Tips for Goal Setting

Learn more about how to set goals related to all aspects of your life.


Goals are defined as the desired states that people seek to obtain, maintain, or avoid (Nair, 2003). Research has shown that the simple act of setting a goal improves our performance related to that goal (Latham, & Locke, 2007). In addition, there are some strategies that can be used to set better personal goals that are easier to accomplish. The acronym SMART can help guide you when setting personal goals (Lawlor, 2012).

SMART goals are:

S - Specific

M - Meaningful

A - Achievable

R - Realistic

T - Trackable

Here are some more tips on how to make sure the personal goals you prioritize are easier to achieve.

  • Set challenging goals. Set personal goals that are a little bit challenging, but not out of reach. This gets us to push ourselves a little harder.

  • Set goals that matter to you. When thinking about which goals to set, be sure to focus on goals that are meaningful to you. Try to mute the voices of your friends, family, and culture for a moment to figure out what matters most to you. If you set goals that are not truly your own, they'll likely be harder to stick to.

  • Commit to your goal. When we commit to a goal—in writing or by telling others—we're more likely to stick to it. We don't really want to disappoint ourselves or others.

Now that you have a sense of how to set goals, let's develop some of your own goals. Two important things to keep in mind when setting personal goals are your needs and your values.

Some have hypothesized that meeting our needs is exactly what drives us, motivates us, and leads us to set goals in the first place (Greene, & Burke, 2007). This suggests that if the personal goals we set are related to an unsatisfied need, we may be more likely to stick to them.

Although there are numerous theories related to human needs, we're going to focus here on Ryff's theory because it incorporates and synthesizes several other older theories (Ryff, 1989). The resulting six experiences are experiences we all strive for. They can therefore be useful in helping guide us in setting meaningful, high-impact goals.

Six experiences we strive for:

  • Positive relationships with others. We have a need to have warm, trusting, loving relationships with others.

  • Self-acceptance. We have a need to have positive feelings towards ourselves.

  • Autonomy. We have a need to be able to direct our own behavior, make our own decisions, and have freedom.

  • Environmental mastery. We have a need to be able to change our circumstances and advance in the world.

  • Personal growth. We have a need to learn and grow as a person.

  • Life purpose. We have a need to devote ourselves to something important or have a sense of meaningfulness or direction.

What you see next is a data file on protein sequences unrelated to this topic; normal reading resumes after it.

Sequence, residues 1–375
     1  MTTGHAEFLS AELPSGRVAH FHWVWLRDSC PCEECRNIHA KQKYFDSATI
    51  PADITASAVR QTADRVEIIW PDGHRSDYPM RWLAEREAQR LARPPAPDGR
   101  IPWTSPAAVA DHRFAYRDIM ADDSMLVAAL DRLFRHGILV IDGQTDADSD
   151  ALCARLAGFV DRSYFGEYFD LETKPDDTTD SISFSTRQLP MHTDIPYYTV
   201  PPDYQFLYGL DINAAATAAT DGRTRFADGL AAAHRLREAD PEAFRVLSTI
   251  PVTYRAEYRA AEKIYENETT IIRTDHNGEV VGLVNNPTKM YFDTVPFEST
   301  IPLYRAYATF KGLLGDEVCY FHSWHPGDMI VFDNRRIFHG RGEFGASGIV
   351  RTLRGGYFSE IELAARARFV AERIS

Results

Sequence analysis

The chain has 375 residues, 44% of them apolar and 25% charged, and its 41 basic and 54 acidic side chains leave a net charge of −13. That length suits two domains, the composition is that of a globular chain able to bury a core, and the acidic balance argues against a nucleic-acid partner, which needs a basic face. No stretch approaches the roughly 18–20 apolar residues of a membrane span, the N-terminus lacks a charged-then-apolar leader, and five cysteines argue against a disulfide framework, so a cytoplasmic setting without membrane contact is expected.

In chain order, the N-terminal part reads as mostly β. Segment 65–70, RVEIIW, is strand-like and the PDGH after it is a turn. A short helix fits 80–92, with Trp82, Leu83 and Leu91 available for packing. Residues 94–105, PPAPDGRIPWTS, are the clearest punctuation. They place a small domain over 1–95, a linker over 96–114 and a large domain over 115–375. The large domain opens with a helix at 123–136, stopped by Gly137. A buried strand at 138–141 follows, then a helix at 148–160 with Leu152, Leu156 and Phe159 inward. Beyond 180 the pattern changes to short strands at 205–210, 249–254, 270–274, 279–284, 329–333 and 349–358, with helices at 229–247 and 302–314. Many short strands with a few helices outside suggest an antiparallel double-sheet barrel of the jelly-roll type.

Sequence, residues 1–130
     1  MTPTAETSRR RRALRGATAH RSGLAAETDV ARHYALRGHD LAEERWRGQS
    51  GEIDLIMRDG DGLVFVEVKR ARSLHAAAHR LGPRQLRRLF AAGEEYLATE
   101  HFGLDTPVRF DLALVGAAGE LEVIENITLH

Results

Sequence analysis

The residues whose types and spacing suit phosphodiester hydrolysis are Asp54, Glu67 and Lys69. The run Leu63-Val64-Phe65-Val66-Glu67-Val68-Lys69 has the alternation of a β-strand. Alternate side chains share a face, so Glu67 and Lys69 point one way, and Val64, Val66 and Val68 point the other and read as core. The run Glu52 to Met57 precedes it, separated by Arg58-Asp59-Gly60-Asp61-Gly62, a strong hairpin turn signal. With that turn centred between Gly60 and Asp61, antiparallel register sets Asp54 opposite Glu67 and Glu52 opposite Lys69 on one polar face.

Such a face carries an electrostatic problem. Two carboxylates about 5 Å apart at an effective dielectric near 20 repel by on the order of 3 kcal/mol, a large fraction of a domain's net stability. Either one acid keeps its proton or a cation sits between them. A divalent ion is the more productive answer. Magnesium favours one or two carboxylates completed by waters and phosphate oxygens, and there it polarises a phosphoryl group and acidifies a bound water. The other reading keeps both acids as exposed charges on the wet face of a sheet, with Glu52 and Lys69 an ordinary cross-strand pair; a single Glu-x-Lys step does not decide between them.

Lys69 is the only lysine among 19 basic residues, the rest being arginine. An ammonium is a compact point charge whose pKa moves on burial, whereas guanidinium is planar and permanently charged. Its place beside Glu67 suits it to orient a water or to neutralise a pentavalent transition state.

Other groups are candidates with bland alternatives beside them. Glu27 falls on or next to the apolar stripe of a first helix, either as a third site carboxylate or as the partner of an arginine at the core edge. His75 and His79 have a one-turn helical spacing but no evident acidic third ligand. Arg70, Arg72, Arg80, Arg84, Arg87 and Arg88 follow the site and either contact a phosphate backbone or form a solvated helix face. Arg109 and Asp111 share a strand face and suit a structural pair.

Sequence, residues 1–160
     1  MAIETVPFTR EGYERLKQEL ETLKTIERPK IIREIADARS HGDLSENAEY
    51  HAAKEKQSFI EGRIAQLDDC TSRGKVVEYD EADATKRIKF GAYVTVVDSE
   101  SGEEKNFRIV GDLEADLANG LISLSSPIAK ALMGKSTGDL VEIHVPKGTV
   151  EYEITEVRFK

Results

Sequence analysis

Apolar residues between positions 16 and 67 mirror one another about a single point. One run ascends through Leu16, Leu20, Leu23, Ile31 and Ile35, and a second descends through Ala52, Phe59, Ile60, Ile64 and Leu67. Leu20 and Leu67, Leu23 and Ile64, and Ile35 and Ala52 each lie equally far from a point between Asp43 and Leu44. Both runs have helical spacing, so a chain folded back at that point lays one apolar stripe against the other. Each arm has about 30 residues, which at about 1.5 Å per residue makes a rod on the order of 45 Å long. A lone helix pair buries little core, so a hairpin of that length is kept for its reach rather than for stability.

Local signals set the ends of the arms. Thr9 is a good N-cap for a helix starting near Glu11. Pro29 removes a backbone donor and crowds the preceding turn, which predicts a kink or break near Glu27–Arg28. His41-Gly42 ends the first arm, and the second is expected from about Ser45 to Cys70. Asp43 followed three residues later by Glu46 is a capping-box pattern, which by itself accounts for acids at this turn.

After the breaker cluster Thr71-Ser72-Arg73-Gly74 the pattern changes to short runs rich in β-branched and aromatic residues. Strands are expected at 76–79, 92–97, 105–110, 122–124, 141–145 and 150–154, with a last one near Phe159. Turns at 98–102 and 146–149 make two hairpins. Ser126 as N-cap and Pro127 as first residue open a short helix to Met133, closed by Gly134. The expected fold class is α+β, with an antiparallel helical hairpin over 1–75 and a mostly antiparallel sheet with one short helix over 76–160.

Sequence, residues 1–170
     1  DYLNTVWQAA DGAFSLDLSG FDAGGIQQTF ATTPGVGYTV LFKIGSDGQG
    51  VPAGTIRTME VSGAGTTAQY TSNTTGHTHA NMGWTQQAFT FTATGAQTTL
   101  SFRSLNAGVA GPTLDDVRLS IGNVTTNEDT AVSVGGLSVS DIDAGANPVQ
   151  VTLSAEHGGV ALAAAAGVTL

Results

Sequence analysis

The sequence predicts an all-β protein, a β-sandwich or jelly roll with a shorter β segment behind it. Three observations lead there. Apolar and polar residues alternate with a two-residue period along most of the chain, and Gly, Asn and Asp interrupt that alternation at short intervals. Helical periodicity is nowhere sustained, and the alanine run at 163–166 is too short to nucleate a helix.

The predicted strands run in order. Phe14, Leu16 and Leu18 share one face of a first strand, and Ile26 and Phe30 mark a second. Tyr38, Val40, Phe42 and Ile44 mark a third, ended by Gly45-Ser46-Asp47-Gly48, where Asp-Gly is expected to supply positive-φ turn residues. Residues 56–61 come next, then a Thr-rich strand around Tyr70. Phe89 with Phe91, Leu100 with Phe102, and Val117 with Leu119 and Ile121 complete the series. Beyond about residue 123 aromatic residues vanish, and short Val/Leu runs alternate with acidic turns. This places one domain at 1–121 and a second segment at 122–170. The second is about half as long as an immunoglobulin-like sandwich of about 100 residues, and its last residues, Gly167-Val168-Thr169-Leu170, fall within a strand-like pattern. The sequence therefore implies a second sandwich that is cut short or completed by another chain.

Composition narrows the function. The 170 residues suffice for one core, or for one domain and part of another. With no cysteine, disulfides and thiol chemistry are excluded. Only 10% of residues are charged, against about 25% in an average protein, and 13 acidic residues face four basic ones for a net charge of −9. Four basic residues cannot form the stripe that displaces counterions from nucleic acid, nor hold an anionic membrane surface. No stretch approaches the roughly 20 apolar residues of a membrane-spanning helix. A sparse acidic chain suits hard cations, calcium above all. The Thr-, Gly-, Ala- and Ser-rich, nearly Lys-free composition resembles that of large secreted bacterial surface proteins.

Anytime you set a goal, ask yourself if it helps satisfy one of these needs.

How personal values affect goals:

It's also helpful when setting personal goals to keep in mind your values. If we are pursuing goals that are inconsistent with our values, we are likely to struggle and experience internal conflict. First, make a note of which values below are most important to you.

Personal values list:

Authenticity Adventure Balance

Bravery Compassion Challenge

Citizenship Community Creativity

Curiosity Determination Fairness

Freedom Friendships Fun

Generosity Growth Honesty

Influence Justice Kindness

Knowledge Leadership Learning

Love Loyalty Openness

Optimism Recognition Respect

Responsibility Security Self-Respect

Social Connection Spirituality Stability

Status Wealth Wisdom

Anytime you set a goal, ask yourself if it goes against any of your key values.

How to Stick to Your Goals

Once you know your goals, it can be helpful to implement some strategies to stay on track. Try these out if you need help sticking to your goals:

  • Track progress towards personal goals. Find a way to record progress towards your goal so that you can see how far you've come.

  • Modify your long-term goals. Often, goals will shift some as we move forward. So take the time to modify your goals and make sure you're still heading where you want to go. ​

  • Create your 10 year plan. Creating a 10 year plan can help you see how today's goals can set you up for tomorrow's goals. This can also help you avoid short-termism—it helps you make sure you're setting the right goals for the long term.

  • Break each goal into small pieces. When your goals are broken down into smaller pieces, it's easier to see how each can be accomplished. This can give you more confidence that you can indeed reach your goals.

  • Create a timeline for your goals. Try to estimate how long it will take to do each small piece of your goal. Then, map these pieces out on your calendar to estimate how long it will take you to self-actualize your bigger goal. Use this timeline to help you progress toward your goal.

Setting personal goals can be super helpful for getting to where we want to go in life. Hopefully, this guide helped you on that journey.



References

  • ​Greene, L., & Burke, G. (2007). Beyond self-actualization. Journal of Health and Human Services Administration, 116-128.

  • Latham, G. P., & Locke, E. A. (2007). New developments in and directions for goal-setting research. European Psychologist, 12(4), 290-300.

  • Lawlor, K. B. (2012). Smart goals: How the application of smart goals can contribute to achievement of student learning outcomes. In Developments in business simulation and experiential learning: Proceedings of the annual ABSEL conference (Vol. 39).

  • Nair, K. S. (2003). Life goals: the concept and its relevance to rehabilitation. Clinical Rehabilitation, 17(2), 192-202.​

  • Ryff, C. D. (1989). Happiness is everything, or is it? Explorations on the meaning of psychological well-being. Journal of personality and social psychology, 57(6), 1069.

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